Introducing my own home town's Seabird Seeker.
This little gem of a craft is stable, and a joy to fly (I've flown it!).
Hervey Bay based Seabird Aviation Pty Ltd has formed a joint venture in the kingdom of Jordan to produce up to 120 Seeker non-military surveillance
aircraft over the next three years.
This is a big boost for the little company. The deal netting them around $30 million Aus.
About the plane -
Engine - Textron Lycoming 0-360-B2C
Fuel - 80/87 Octain Aviation Fuel - But can run on unleaded or super automotive petrol
Prop - Seabird 2 blade Fixed push prop
Max RPM - between 2200 and 2300 RPM
Speed - Max - 133 Knots Cruise 105 Knots
Maximum Weight - 897 kg
Max Altitude 15,000 Feet
Fits pilot and passenger.
the Seeker is definitely different from every angle. It is still different when you strap it on - there isn't anything to aim it by. Taxiing makes
one aware of just how close to the nose you can see the ground - and since it is very easy to taxi, you have ample time to reflect on such things.
Run-up is normal for a fixed-pitch propeller.
Line it up and open the throttle, and there is a slight difference - you don't lift the tail on take-off, like most tailwheel aircraft; the best
technique in the Seeker is to leave it neutral and let it fly itself off. It definitely does the thing better if you let it get on with the job and
don't interfere other than to keep it straight.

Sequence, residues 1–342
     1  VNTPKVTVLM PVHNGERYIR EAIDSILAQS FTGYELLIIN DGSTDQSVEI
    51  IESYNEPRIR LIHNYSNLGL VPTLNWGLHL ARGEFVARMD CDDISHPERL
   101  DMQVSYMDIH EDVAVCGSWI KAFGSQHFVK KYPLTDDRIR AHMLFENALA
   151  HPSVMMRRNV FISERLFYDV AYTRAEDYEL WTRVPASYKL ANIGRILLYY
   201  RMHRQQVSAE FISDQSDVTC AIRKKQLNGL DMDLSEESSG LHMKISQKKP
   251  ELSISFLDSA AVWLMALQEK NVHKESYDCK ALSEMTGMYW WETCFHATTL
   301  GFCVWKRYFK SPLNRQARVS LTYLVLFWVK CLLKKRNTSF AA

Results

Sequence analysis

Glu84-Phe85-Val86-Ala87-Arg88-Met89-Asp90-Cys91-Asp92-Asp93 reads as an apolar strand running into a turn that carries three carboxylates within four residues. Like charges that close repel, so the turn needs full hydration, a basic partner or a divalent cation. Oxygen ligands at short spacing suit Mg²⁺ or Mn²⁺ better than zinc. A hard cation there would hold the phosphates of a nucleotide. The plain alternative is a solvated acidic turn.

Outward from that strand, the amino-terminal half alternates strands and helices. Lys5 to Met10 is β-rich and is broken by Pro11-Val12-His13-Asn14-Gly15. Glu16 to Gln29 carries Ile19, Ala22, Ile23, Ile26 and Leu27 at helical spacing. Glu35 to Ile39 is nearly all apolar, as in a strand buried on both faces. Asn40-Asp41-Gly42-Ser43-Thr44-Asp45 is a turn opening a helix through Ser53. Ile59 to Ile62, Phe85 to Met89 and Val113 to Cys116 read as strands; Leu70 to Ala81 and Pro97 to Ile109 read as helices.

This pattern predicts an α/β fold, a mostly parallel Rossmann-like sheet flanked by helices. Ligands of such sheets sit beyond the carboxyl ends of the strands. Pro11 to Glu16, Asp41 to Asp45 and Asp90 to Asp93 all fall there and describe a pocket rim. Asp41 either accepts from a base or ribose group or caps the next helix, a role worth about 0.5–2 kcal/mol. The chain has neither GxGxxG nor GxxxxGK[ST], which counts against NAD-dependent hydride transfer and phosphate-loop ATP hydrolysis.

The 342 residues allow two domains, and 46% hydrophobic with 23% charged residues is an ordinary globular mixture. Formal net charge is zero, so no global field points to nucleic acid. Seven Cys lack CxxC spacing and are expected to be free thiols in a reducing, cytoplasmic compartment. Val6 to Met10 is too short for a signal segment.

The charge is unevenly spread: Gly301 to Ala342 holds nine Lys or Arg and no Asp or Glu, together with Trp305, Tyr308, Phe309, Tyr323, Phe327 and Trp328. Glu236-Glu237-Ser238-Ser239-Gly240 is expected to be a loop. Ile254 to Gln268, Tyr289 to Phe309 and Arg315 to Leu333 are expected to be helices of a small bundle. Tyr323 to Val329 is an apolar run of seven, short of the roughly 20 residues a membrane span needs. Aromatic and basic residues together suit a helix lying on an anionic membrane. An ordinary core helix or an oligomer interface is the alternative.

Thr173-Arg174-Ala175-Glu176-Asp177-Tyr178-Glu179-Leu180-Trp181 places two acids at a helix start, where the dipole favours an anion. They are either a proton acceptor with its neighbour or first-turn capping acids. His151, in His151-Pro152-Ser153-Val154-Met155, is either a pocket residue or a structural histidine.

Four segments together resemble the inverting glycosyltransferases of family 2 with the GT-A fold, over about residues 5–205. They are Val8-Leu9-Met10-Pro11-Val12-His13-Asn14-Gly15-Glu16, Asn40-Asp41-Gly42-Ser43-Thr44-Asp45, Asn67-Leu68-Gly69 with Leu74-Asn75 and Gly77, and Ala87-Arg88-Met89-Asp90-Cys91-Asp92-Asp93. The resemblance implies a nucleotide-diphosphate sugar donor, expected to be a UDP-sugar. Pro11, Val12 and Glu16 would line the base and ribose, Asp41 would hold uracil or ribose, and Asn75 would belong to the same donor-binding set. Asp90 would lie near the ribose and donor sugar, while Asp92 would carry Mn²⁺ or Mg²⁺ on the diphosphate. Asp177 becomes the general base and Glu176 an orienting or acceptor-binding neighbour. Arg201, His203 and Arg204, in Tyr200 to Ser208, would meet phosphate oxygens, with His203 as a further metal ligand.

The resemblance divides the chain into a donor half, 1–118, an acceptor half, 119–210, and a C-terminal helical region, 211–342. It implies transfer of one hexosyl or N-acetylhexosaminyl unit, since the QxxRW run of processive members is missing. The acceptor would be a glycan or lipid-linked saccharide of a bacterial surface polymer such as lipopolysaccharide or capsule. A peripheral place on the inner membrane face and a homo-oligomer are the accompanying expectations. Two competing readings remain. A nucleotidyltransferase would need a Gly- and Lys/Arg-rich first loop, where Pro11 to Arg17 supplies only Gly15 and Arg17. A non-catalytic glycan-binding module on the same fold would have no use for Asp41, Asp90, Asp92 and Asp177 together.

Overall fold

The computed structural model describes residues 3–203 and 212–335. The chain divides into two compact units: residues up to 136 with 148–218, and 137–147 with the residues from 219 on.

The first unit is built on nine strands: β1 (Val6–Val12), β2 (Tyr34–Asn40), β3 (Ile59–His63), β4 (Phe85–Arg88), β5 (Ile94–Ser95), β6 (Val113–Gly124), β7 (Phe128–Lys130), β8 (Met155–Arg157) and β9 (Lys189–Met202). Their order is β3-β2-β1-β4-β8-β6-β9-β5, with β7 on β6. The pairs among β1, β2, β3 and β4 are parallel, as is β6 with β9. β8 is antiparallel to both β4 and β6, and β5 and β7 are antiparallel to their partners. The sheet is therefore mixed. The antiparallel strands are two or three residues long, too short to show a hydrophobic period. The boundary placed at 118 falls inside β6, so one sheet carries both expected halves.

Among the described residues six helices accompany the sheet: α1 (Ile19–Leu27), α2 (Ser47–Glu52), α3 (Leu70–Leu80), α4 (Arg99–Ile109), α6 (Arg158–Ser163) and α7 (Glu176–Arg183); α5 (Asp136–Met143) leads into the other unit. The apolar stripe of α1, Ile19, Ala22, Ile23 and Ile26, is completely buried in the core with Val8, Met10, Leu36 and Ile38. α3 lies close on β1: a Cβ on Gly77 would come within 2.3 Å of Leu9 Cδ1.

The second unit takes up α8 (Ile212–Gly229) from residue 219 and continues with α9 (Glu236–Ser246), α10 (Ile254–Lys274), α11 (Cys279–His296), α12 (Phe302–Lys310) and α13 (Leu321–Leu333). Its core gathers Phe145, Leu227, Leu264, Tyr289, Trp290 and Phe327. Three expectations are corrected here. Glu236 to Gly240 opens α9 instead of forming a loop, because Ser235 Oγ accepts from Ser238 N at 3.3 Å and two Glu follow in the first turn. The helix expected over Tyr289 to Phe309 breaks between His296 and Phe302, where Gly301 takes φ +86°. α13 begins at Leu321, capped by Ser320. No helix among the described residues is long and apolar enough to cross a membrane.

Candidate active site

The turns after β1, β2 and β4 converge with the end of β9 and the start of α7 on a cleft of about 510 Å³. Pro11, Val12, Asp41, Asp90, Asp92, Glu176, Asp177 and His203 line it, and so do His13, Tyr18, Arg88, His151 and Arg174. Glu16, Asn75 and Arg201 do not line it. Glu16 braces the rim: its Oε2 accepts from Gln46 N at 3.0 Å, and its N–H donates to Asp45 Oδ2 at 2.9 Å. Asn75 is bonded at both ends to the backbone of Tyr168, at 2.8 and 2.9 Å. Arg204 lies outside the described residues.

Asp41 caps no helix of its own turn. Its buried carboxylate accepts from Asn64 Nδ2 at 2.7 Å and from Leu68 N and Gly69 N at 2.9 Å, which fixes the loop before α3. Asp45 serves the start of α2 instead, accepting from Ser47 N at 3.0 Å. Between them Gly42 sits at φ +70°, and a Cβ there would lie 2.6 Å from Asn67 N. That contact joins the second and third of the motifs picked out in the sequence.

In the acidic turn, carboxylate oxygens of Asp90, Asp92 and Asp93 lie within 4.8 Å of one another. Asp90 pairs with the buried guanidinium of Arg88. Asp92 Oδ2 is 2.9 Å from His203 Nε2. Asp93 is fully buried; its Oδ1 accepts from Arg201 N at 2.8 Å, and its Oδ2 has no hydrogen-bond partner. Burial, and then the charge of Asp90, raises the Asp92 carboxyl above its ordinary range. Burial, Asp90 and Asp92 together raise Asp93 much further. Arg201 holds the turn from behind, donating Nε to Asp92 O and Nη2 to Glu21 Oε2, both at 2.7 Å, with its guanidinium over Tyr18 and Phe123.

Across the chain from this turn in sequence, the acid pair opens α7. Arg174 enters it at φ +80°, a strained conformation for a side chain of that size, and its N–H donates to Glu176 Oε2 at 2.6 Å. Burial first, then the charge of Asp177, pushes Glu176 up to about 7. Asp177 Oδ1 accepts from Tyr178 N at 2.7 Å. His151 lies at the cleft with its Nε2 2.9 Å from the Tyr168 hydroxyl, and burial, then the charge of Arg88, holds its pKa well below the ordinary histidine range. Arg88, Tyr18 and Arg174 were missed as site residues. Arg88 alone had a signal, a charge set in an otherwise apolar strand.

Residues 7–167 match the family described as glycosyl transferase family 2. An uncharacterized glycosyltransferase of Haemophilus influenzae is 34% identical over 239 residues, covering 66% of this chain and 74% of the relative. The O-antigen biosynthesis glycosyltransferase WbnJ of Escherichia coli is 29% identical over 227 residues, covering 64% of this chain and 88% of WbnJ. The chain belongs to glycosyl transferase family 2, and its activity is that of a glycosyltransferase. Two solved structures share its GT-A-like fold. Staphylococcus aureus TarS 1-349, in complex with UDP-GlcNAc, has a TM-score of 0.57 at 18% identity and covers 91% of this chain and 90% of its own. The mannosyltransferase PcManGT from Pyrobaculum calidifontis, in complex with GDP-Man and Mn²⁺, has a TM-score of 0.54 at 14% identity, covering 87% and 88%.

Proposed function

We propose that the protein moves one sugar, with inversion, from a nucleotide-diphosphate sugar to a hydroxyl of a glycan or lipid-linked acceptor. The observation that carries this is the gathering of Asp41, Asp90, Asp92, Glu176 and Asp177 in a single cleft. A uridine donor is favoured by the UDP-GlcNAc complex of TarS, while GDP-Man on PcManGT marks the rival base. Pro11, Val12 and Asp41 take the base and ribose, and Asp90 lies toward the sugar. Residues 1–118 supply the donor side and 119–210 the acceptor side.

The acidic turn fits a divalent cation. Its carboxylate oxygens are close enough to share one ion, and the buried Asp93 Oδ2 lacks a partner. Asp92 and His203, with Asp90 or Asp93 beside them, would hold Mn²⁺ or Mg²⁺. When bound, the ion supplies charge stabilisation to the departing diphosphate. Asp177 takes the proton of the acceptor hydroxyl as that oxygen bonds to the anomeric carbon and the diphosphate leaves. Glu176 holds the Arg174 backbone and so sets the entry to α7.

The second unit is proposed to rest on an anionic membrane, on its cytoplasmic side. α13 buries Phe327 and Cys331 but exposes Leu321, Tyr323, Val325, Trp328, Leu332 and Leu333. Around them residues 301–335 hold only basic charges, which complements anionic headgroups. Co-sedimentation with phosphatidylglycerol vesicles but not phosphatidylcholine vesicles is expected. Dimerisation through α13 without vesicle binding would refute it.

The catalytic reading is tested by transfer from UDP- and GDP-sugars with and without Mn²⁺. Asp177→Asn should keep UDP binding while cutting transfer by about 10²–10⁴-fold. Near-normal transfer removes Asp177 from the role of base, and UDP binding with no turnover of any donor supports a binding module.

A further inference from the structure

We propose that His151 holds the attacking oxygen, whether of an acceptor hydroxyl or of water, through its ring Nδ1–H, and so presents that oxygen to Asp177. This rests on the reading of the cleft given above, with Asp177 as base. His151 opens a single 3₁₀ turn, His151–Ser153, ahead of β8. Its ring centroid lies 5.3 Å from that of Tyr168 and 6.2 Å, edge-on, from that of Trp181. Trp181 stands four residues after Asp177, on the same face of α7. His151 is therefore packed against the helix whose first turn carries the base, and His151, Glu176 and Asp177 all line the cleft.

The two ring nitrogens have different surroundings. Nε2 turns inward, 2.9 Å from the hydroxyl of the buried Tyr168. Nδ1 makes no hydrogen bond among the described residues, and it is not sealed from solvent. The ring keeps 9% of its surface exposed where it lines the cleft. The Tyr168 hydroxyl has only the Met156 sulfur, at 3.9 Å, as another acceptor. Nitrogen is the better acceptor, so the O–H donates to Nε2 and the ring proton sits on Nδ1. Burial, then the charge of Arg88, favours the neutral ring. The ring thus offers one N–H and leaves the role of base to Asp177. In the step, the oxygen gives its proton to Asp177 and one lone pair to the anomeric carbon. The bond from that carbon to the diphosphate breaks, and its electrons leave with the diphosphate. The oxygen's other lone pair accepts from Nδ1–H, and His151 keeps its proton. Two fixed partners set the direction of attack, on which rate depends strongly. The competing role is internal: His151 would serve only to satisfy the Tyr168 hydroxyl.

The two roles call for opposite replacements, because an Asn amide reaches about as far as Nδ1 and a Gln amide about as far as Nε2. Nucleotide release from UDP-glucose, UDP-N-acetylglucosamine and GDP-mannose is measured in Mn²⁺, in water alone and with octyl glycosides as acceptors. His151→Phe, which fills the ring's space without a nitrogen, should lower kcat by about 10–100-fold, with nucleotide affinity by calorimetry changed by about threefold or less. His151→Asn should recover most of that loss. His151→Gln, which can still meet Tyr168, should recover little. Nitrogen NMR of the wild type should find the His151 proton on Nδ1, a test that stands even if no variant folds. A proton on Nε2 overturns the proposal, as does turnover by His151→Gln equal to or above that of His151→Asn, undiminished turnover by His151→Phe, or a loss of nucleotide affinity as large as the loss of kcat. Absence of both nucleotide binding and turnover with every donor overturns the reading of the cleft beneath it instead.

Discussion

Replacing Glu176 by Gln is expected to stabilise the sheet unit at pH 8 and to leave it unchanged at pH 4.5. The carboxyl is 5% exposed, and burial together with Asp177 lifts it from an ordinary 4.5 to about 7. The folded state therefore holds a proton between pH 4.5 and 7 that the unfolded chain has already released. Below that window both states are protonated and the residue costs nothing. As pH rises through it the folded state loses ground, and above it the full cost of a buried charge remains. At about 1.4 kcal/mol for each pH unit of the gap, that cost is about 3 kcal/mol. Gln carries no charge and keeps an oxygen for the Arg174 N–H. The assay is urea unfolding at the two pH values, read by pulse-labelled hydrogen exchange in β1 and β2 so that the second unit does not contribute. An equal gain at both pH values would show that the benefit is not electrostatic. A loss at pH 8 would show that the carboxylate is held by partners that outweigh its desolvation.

Once airborne, the only differences are the visibility and the smoothness - you really notice the lack of slipstream buffet around the canopy.
The field of view - ha, the field of view - the Seeker spoils one for any other aeroplane. If you have flown helicopters such as a Robinson R22, you
will know what to expect. Unless you have, there is no way to describe the effect of all that scenery.
Of course, that's what it's all about - observation. Helicopters (most of them) are as good - if you can afford them - but they shake.
The Seeker gives a remarkably smooth ride; one is seated forward of the Centre of Gravity, so the heave of the aeroplane in turbulence is offset (so
far as the occupants are concerned) by the accompanying pitch, with the result that the effects of turbulence are greatly reduced, by comparison with
an aeroplane of conventional layout.
It's a real beaut to mess around with and I am sure our defence force will be interested in these babies as observation aircraft.
What do you guys think.
[Edited on 26-2-2004 by OzChris]